Mt. Adams (South Spur route) - Dec. '85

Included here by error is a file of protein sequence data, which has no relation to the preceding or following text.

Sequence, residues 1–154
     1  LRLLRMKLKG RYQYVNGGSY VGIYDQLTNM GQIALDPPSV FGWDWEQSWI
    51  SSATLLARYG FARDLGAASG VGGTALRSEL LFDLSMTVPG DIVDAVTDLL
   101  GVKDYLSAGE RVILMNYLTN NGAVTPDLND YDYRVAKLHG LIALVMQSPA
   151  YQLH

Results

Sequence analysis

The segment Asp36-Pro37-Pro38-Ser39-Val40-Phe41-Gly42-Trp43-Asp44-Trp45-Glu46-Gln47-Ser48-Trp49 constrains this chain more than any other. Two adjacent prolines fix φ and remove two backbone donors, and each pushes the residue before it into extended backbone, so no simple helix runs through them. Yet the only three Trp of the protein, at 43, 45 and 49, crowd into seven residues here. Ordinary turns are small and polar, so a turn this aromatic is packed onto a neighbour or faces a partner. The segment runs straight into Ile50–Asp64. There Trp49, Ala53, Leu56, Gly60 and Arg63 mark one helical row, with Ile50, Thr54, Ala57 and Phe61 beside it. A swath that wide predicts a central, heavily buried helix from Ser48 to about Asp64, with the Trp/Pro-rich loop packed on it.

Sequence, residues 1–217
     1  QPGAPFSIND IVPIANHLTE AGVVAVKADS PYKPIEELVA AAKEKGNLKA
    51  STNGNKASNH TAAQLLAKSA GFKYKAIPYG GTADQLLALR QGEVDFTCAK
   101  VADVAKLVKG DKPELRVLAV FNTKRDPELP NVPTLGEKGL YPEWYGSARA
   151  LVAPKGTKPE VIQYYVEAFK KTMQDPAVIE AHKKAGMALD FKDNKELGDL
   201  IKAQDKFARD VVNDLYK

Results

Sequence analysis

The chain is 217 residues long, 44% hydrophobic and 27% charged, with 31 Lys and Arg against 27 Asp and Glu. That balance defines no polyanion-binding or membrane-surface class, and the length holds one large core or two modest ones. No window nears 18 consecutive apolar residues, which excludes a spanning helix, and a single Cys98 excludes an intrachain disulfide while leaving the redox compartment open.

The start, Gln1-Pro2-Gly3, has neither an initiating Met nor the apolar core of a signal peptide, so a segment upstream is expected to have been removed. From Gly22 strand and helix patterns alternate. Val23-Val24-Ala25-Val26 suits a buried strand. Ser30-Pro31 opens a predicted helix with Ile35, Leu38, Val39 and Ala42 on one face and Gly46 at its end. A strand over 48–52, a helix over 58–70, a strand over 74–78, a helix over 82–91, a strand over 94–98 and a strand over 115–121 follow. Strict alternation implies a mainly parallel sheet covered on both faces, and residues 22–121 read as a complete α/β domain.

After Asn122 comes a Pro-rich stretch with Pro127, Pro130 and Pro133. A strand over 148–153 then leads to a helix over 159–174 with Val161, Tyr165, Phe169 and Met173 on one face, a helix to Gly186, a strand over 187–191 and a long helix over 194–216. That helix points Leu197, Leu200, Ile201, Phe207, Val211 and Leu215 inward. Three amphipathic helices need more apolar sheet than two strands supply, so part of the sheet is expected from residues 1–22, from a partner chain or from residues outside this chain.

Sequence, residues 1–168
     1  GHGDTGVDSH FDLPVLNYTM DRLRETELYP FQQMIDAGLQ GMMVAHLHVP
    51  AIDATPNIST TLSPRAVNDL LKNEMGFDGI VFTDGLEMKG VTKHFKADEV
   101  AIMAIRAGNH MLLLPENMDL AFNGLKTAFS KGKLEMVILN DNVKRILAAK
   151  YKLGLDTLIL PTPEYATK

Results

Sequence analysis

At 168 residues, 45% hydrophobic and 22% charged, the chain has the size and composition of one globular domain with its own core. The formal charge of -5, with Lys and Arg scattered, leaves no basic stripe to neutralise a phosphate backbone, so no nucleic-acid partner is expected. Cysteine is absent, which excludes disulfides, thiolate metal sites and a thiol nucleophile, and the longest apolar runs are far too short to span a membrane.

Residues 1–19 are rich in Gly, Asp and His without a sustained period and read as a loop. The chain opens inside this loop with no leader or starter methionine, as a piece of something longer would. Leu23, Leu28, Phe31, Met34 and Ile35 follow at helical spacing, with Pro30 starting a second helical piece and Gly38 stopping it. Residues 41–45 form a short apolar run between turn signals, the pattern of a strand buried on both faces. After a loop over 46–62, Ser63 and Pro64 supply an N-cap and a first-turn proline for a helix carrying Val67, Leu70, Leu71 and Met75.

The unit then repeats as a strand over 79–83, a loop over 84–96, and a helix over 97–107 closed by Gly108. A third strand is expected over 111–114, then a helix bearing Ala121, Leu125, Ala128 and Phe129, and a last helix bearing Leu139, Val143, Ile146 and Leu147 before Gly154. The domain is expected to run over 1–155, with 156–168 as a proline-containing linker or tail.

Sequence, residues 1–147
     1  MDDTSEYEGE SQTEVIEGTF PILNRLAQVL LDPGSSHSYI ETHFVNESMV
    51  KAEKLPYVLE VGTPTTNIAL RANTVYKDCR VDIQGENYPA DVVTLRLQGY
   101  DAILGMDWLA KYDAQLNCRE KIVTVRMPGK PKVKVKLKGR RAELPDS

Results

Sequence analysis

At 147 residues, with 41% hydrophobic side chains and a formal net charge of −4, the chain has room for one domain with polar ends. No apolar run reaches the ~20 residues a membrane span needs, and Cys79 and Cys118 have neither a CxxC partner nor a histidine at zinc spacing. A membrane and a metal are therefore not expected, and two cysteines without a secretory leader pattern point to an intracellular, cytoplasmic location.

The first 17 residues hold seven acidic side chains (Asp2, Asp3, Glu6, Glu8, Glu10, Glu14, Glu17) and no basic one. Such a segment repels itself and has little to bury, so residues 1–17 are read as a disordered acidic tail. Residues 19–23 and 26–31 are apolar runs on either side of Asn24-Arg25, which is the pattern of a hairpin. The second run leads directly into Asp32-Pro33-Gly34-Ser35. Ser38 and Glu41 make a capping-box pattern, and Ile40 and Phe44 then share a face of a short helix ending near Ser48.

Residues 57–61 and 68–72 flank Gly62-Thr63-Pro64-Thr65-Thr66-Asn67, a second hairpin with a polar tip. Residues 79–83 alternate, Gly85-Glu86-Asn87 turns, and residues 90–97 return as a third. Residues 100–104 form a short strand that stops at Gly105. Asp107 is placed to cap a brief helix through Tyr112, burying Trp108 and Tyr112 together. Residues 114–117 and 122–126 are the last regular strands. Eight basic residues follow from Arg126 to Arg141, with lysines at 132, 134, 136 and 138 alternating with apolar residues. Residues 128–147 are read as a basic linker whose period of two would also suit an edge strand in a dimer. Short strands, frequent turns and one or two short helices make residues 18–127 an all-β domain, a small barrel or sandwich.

On December 26, 1985, Dudley, Al and I (Wayne) set out on a 5 day trip to do a Winter ascent of Mt. Adams. We left Seattle at ~1:00 pm. We had dinner in Woodland. From Wayne's "outdoor journal": We drove to White Salmon the day after Christmas, and spent the evening there.  The next day we drove to the 2000' elevation junction a couple of miles past Trout Lake. We parked along the paved road [near the road that goes to Cold Springs]; we had to walk the entire length of the logging road that goes to Cold Springs. We had 1 sled; each of us had a pack also. And we had snow shoes. We had 50 wands. I believe my pack weighed about 50 lbs. The first day of hiking, we traveled about 6 and 1/2 miles. We camped about a mile before Morrison Creek Horse camp (4,500' el.). During the night, and early morning, we heard a coyote howl not far from our camp, On Dec. 28th we picked up camp and were hiking at 9:30 am.We reached our 2nd camp site approximately 1 mile beyond Cold Springs at 2:30 pm; the elevation was ~6,400'. We felt good about being within "striking distance" of the summit of Mt. Adams. The next morning, Dudley wasn't feeling well; however,  Al and I got up at 4:00 am and left camp for the summit at 5:30 am; we saw a cloud cap on Mt. Adams early in the morning. We put our crampons on at the snow field that leads to the "Lunch Counter". We took a break at 10:15 am. I estimated that we had to climb ~2,000' to reach the false summit. We made good time for the next 1,000' elevation gain. I spotted a goat on the route above. I found the last 500' incredibly exhausting, due to high winds near the false summit. I reached the "crater rim" [i.e. false summit, elevation 11,700'] at 1:00 pm.  By that time I was thirsty and I drank some water. Earlier I didn't want to take my pack off, as I was worried about the wind blowing things away.  I used wool gloves w/ wool mittens over them, which provided sufficient insulation from the cold. I also had a stocking cap on, but it blew away when I took my hood off briefly; fortunately I had a thin "poly" balaclava on too when I lost my hat. I took a few photos on the false summit. I decided not to go to the true summit because it was an hour away, I had been there before, and I wanted to get back to camp before dark-especially since it is Winter time!  After a 10 minute break on the crater rim, I headed down. I felt great going down; I was no longer fighting the wind. My legs felt strong, which is how they felt all along. I soon met up with Al. He was waiting for me about 1,000' below the false summit. He said he felt exhausted going up [w/ the wind], so he turned around. We walked into camp at 4:30 pm. Dudley was waiting at the camp site--and he had a warm drink for each of us :-) He said a party of 2 that was nearby didn't go for the summit, as their [white rubber moon (Air Force pressure)] boots didn't have very good traction. Dudley said they had a spotting scope on a tri-pod, and they saw me get to the "crater rim". On Dec. 30th we picked up camp and were hiking at 11:00 am. We reached my truck at 4:45 pm. We averaged 1.5 mph hiking in; we were twice as fast going out. The sled worked fine after we got some center of gravity issues worked out. We got the sled from REI, and modified it so that we could tie things down using a cord (see Washington->Preparing for Mt. McKinley Part 1). The weather pattern is that this area had been in a "cold spell" for the past 3 weeks. 



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